Still Life with a Ghost

The premise of the series is explor­ing the con­cept of a tran­sient encounter with the per­ma­nence of an image. Using the ghost (and view­ing there­of) as the sub­ject and instant film for the image medi­um, the work lever­ages the idea that the view­er of a ghost often will only be cred­i­ble to them­selves, with an expe­ri­ence dif­fi­cult to repro­duce, and one full of doubt and ques­tion­ing. This premise is con­trast­ed with the instant film, a prod­uct that itself is one of the most sim­ple and per­ma­nent pho­to­graph­ic mediums.

The instant film is sig­nif­i­cant for this series because of the inabil­i­ty to repro­duce the work. Pho­tog­ra­phy has had an uphill bat­tle in some cir­cles because, giv­en the right con­di­tions, one can often repro­duce a work over and over again with zero degra­da­tion or affect on the orig­i­nal. How­ev­er, instant film is pro­tect­ed from this issue as the print scans rel­a­tive­ly poor­ly and the neg­a­tive is bare­ly usable (if at all) for reproduction.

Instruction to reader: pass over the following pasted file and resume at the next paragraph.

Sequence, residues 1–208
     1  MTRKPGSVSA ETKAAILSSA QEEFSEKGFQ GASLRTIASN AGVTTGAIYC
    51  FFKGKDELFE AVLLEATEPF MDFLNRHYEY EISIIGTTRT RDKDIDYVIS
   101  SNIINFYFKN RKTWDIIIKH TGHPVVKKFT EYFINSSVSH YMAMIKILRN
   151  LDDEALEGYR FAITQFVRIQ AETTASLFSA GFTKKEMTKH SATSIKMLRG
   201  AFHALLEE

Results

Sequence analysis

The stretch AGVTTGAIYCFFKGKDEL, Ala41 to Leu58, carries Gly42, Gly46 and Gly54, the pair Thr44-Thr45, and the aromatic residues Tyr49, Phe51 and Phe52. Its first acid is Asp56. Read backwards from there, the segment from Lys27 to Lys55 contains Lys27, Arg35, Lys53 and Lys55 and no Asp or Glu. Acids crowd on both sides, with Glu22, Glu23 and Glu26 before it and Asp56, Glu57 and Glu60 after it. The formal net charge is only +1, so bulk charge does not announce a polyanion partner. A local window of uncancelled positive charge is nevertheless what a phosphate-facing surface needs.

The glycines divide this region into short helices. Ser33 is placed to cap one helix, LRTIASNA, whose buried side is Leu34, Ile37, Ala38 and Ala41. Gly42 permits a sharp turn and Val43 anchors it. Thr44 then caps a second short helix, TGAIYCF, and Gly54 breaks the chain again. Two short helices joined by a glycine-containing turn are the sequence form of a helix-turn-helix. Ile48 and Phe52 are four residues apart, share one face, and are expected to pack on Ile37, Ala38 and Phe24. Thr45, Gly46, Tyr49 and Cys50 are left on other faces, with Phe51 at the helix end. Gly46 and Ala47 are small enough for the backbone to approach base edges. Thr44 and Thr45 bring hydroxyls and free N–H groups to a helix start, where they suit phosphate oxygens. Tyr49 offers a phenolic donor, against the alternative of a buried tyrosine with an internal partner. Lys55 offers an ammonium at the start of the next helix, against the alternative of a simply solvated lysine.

By com­bin­ing the uncer­tain­ty and dis­qui­et clas­si­cal­ly asso­ci­at­ed with encoun­ter­ing the ethe­re­al along the one-shot per­ma­nence of instant pho­tog­ra­phy, this series works to call atten­tion to our own unre­li­a­bil­i­ty when rec­ol­lect­ing mem­o­ries and how often we mis-remem­ber our own expe­ri­ences, much less know the accu­ra­cy of sto­ries retold to us.